The woman whose 911 call led the police to Henry Louis Gates Jr.'s house and triggered a national uproar about cops and minorities said today she had been threatened and unfairly characterized although she never mentioned race to the police.
A tearful Lucia Whalen said at a news conference today that "now that the tapes are out, I hope people can see that I tried to be careful and honest with my words. It never occurred to me that the way I reported what I saw be analyzed in an entire nation."
Whalen, 40, said the only words she exchanged with the arresting officer, Sgt. James Crowley, was identifying that she was the 911 caller and he told her to "stay right there."
Whalen, who said she has faced threats and charges of racism, said she would do the same thing again if she had to.
Gates and Crowley will meet with President Obama tomorrow at the White House for a round of beers to talk about the incident. The president will drink Bud Light, Gibbs told reporters today. Gates has said he likes Red Stripe and Crowley mentioned to the president he prefers Blue Moon.
"So we'll have the gamut covered tomorrow afternoon," Gibbs added.
Weather permitting, the three will hoist a cold one on the picnic table next to the White House's new swing set.
Whalen's attorney, Wendy Murphy, took a jab at the president's "beer diplomacy" at the press conference.
"The three highly trained guys who reacted badly are getting together for a beer," Murphy said. "The one person whose actions have been exemplary will be at work tomorrow in Cambridge. I don't know -- maybe it's a guy thing. She doesn't like beer anyway."
Crowley arrested Gates, former host of the PBS show "African-American Lives," on charges of disorderly conduct on June 16. Gates, returning from a trip to China, was trying to get into his Cambridge, Mass., house after being locked out.
In her 911 call, Whalen reported seeing two men break the screen door of Gates' front entrance to enter the house. The woman admitted she saw suitcases, and said several times she's not sure whether the two were the house's residents or were breaking in.
When asked about the race of the men, the caller said she thought one looked "kind of Hispanic" but didn't see what the other man looked like.
The charges were later dropped, but Gates claims Crowley treated him unfairly and would not respond to his requests for his badge number.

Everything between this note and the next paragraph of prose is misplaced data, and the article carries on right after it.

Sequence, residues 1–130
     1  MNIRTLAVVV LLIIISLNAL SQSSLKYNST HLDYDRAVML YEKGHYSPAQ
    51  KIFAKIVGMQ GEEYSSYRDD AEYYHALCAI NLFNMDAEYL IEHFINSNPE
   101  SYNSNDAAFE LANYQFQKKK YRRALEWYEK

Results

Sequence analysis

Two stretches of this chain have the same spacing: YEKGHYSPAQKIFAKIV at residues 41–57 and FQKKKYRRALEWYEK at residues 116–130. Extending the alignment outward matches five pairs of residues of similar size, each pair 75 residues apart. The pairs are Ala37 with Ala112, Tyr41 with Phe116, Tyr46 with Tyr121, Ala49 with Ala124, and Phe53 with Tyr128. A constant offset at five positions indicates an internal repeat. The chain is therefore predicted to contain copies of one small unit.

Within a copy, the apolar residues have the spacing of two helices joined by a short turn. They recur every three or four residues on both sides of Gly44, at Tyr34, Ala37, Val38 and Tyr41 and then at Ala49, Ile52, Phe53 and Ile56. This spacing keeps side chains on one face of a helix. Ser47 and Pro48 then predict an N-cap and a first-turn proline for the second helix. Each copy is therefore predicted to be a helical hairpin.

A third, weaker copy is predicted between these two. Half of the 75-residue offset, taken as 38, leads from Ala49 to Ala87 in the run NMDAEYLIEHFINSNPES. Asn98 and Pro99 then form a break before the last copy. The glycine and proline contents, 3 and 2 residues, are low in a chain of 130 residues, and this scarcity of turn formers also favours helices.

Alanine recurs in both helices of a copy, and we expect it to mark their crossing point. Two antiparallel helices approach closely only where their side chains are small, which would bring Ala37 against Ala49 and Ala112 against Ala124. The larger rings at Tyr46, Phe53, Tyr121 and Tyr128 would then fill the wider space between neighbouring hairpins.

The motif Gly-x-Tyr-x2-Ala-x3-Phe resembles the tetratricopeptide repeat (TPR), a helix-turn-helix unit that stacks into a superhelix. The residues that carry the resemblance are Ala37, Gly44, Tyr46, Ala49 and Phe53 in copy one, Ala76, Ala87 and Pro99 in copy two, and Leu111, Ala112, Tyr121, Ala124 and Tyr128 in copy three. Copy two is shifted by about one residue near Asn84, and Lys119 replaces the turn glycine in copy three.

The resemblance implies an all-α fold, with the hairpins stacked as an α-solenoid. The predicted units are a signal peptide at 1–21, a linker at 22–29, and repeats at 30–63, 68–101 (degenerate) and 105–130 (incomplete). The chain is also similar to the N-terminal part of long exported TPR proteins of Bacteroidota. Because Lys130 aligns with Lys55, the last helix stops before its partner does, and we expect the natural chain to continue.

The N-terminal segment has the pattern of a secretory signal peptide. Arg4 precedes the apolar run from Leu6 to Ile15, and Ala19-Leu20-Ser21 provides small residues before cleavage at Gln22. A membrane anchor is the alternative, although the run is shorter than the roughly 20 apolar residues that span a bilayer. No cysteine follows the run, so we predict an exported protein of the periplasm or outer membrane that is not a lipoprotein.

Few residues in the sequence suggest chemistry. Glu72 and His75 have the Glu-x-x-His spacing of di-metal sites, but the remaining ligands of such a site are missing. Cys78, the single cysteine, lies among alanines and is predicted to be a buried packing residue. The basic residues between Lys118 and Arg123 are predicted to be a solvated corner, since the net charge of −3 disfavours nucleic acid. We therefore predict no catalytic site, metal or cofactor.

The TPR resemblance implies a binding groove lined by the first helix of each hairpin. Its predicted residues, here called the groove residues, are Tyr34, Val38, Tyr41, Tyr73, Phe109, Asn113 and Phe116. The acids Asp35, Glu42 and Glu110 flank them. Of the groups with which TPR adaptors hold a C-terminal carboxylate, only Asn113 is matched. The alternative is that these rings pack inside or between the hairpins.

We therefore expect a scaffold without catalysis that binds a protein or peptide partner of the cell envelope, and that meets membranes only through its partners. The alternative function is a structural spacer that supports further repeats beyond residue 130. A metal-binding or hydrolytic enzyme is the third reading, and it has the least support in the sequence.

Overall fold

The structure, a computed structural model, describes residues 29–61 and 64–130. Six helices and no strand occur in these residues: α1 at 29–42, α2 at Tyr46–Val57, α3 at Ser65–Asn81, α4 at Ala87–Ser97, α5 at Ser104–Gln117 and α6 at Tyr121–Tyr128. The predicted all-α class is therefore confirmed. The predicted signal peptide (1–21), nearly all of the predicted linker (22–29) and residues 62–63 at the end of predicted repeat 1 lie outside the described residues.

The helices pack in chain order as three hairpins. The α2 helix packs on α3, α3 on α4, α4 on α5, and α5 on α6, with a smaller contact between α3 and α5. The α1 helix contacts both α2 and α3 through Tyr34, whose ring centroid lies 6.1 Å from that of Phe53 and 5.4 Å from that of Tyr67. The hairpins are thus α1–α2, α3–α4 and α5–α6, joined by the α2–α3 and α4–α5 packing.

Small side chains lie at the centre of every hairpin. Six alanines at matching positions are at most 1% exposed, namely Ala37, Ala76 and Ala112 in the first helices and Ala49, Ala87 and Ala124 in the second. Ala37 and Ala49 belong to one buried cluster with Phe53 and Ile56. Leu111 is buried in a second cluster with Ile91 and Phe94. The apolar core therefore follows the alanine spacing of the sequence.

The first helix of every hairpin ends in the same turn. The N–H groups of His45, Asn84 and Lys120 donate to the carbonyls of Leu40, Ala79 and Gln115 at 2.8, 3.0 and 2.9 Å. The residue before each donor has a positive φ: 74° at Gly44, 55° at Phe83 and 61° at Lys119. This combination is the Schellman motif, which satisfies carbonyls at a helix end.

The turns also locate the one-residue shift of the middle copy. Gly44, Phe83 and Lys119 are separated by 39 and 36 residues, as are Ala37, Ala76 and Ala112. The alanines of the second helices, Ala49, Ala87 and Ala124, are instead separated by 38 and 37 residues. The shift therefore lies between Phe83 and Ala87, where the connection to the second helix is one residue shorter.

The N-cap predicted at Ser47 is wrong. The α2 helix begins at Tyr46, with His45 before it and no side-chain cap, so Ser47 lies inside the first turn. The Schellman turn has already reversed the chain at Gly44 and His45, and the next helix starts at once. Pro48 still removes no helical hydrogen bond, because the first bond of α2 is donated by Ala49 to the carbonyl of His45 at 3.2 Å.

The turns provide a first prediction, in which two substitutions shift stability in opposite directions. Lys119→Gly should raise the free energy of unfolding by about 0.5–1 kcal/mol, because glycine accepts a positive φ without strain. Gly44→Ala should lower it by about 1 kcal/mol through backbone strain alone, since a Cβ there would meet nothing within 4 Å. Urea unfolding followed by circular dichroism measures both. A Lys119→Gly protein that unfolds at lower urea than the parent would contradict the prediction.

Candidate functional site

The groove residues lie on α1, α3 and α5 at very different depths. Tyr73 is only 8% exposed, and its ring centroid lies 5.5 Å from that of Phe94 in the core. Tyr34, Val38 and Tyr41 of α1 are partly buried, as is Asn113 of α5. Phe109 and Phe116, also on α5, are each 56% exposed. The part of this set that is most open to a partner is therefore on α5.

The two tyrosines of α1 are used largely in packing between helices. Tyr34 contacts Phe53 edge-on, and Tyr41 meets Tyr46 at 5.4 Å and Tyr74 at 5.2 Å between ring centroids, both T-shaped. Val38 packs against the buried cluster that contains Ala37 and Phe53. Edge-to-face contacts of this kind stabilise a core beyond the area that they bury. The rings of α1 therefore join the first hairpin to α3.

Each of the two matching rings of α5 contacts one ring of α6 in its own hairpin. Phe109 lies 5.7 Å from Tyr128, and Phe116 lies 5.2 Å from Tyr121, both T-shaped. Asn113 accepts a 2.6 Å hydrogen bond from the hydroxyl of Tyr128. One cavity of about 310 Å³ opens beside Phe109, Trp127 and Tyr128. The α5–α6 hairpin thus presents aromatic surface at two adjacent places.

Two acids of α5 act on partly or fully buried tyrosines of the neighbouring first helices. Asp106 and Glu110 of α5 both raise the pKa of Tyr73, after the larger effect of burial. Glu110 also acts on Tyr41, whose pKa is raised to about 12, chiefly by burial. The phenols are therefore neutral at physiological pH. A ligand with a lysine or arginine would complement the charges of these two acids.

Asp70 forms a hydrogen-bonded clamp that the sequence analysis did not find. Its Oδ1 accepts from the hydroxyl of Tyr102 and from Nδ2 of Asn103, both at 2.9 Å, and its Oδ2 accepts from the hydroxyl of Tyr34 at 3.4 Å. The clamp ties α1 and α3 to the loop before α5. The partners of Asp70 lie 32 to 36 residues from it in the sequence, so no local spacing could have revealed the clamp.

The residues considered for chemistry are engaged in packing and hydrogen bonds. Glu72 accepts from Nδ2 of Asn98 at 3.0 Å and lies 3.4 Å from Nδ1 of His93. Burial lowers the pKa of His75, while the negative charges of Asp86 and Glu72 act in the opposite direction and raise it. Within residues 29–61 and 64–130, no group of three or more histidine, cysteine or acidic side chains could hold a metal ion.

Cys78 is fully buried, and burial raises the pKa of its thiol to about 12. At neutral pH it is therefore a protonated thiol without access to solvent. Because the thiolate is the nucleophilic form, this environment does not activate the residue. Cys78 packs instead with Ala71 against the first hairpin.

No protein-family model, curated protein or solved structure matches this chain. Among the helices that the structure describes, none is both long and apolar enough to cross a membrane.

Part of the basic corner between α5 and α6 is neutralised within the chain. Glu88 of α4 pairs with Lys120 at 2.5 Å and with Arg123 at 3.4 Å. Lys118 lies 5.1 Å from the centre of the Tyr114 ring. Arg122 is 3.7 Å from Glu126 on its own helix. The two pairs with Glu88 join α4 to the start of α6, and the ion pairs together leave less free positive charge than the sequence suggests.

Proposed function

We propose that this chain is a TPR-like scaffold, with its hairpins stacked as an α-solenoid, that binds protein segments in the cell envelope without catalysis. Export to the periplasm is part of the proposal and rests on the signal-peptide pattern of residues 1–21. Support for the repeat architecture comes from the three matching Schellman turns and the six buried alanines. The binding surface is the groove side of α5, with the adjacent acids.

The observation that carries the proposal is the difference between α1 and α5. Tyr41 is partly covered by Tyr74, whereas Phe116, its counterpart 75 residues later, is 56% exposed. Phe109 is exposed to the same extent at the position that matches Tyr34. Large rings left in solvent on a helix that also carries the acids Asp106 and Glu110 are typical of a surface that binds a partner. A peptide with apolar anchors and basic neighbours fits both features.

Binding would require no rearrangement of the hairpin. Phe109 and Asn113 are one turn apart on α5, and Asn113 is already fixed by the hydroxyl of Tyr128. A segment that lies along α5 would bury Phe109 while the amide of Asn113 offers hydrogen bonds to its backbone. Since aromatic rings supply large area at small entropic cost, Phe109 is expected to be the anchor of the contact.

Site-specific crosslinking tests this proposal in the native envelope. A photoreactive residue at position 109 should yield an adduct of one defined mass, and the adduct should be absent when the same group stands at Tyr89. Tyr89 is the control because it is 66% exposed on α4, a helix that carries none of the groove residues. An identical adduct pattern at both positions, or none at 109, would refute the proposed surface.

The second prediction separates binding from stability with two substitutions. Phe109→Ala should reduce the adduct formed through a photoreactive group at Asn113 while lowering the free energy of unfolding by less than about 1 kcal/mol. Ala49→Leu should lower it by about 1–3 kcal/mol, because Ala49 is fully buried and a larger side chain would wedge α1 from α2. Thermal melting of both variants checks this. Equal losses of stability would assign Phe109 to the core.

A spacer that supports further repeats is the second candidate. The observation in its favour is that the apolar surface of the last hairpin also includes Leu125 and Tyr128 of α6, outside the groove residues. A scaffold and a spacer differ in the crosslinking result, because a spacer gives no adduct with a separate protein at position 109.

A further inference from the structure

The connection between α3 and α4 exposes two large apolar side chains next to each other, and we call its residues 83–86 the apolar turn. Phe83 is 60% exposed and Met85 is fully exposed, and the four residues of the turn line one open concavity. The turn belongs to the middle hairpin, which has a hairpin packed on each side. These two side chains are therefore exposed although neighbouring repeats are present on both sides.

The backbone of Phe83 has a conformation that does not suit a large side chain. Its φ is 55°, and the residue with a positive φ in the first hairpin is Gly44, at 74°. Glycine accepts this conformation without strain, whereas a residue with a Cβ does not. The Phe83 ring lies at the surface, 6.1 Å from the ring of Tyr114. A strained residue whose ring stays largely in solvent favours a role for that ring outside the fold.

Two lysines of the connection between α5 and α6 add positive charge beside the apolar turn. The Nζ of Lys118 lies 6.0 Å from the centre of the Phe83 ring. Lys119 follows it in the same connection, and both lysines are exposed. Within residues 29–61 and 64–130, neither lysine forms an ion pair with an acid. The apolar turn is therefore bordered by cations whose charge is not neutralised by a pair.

Crowley says the professor was loud, accused him of arresting Gates because he "was a black man in America," and even made a reference to Crowley's mother.
A Wall Street Journal/NBC poll to be released today found that 29 percent of Americans thought both men were equally at fault. Twenty-seven percent said they felt the Harvard professor was more at fault, compared to 11 percent who blamed Crowley. The largest group, 31 percent, said they don't know enough about the incident to formulate an opinion.
The president jumped into the heated debate last week when he said the Cambridge police department acted "stupidly" in arresting his friend, who uses a cane.
The president later clarified his remarks, saying that cooler heads should have prevailed on both sides, and turned it into what he called a "teachable moment" for the country.
Crowley will be traveling to Washington on Thursday with his wife, three kids and his union president Sgt. Dennis O'Connor. The Cambridge Superior Officers Association is paying for their trip, two law enforcement sources told ABC News.
White House Press Secretary Robert Gibbs has said the session will not have a formal agenda, but will offer the opportunity to "step back a bit" and have a dialogue.
Powell: Gates Should Have Reflected
Former secretary of state Colin Powell said yesterday on CNN's Larry King Live that the Harvard professor "should have reflected" on his actions in dealing with the cop.
Powell, when asked whether "Skip" Gates was wrong, said, "I am saying Skip, perhaps in this instance, might have waited a while, come outside, talked to the officer and that might have been the end of it. I think he should have reflected on whether or not this was the time to make that big a deal."
At the same time, Powell does not take the blame fully away from the police officer and added that Gates, who had just returned from a trip to China and found his front door to be jammed, was probably "in a mood where he said something."
The Bush-era official says the issue, which has garnered national attention, "might well have been resolved in a different matter" if Gates -- who he said has been his "friend for many years" -- and the arresting sergeant did not get into a verbal spat.
Powell told King he himself has been racially profiled many times and even though it's frustrating, "it's kind of a better course of action to take it easy and don't let your anger make the current situation worse."
Michele McPhee and ABC News' Ann Compton contributed to this report.